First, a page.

Moral choices with vaccine
I am so grateful to have been part of the first wave of COVID-19 vaccinations in Marquette County! I am sure you think that is because I am over 65 years of age and thus, more vulnerable to this virus. While that is true, and I am also happy to do my part to help our country achieve herd immunity, I do have another important reason.
I was able to be inoculated with the Pfizer vaccine, which along with the one by Moderna, is morally permissible for Catholics to receive. Neither of these vaccines was designed, developed, or produced using cell lines from aborted babies. Although both companies used abortion-derived cell lines in the confirmatory testing phase, that connection to abortion, while still troubling, was very remote.
However, the vaccines made by Johnson & Johnson and AstraZeneca used cell lines that originated from tissue taken from aborted babies in the design, development, production and confirmatory testing stages and, as such, they are more morally problematic.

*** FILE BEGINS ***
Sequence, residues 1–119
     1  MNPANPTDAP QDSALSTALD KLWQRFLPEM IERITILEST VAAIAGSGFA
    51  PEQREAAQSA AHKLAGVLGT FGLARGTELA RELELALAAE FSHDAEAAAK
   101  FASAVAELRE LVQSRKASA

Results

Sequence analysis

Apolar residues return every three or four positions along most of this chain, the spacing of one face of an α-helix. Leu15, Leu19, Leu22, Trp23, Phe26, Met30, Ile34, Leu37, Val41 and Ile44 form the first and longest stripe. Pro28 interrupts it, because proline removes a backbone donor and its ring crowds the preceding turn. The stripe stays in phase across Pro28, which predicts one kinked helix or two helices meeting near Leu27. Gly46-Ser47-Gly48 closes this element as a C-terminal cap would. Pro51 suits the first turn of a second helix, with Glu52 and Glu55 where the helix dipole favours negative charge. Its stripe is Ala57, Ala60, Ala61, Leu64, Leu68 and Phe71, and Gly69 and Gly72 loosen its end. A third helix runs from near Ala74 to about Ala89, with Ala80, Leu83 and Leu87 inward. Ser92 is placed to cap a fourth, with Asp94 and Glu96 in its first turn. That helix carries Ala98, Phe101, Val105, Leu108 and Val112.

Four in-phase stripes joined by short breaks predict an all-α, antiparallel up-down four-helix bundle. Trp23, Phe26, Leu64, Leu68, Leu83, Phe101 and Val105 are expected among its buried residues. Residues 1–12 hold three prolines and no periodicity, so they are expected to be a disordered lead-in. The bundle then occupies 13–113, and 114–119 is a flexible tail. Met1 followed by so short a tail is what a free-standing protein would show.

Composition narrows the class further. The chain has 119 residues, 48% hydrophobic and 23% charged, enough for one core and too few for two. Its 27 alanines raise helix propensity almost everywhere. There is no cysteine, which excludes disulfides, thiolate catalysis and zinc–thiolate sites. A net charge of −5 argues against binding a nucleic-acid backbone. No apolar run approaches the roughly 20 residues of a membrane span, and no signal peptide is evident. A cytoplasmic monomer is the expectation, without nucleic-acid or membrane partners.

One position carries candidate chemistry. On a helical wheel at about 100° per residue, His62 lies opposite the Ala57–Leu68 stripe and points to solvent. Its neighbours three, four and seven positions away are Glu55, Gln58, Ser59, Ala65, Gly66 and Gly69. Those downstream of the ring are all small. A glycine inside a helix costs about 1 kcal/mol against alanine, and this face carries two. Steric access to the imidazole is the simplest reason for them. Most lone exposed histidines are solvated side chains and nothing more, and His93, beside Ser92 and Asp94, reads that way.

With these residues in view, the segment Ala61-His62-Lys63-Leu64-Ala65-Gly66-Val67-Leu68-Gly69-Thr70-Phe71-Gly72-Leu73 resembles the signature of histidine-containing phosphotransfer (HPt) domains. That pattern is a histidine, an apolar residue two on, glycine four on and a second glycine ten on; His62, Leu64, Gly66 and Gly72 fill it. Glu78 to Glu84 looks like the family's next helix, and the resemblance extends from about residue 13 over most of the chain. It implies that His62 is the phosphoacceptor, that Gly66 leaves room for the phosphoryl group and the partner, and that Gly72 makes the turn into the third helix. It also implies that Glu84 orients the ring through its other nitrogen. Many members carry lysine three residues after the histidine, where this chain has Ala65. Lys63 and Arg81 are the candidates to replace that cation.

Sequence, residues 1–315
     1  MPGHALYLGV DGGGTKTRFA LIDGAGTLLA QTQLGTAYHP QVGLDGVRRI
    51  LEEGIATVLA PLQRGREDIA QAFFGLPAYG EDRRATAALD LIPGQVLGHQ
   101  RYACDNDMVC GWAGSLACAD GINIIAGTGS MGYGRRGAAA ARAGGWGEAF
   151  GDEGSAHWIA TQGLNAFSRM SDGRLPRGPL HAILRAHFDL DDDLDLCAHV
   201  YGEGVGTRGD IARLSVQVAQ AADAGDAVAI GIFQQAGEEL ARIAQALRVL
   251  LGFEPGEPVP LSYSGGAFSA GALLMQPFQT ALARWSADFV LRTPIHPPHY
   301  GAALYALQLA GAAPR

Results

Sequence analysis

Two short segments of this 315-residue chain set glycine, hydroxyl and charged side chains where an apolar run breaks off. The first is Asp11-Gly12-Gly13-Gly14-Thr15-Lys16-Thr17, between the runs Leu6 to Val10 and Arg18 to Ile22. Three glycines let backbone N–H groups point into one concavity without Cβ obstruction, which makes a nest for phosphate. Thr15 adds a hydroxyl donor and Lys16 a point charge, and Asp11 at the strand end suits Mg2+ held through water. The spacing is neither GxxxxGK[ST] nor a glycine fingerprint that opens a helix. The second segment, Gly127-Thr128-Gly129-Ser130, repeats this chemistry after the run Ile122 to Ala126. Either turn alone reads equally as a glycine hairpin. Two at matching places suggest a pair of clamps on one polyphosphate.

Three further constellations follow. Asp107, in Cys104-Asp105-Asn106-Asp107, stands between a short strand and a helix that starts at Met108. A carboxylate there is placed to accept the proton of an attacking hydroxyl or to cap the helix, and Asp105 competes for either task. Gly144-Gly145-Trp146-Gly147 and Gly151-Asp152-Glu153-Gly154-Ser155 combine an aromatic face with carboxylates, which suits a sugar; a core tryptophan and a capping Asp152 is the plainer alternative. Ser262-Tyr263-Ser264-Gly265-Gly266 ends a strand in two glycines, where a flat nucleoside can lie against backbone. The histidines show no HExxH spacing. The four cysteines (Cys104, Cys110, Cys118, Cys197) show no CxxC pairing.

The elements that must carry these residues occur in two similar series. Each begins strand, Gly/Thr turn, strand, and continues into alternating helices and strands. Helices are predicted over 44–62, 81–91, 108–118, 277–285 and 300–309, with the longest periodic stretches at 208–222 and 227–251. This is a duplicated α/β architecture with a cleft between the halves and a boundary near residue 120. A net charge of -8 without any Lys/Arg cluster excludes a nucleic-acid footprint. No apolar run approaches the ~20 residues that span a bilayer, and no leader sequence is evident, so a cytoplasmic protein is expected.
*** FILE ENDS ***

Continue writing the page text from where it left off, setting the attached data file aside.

For those seeking additional information, the Catholic bishops of Michigan recently released a revised statement addressing the moral considerations regarding the COVID-19 vaccines, which can be found online at: micatholic.org/advocacy/news-room/news.
If anyone who is pro-life has a choice in what vaccine they can receive, I encourage them to choose the one produced by either Pfizer or Moderna. However, if people do not have a choice of a vaccine, it is still morally permissible to receive the Johnson & Johnson or AstraZeneca vaccine.
I also encourage people to write to vaccine-producing companies that use abortion-derived cell lines in their pharmaceutical work and ask them to switch to alternative cell sources in the future.
These aborted babies were not respected in their life. Let us at least respect their remains.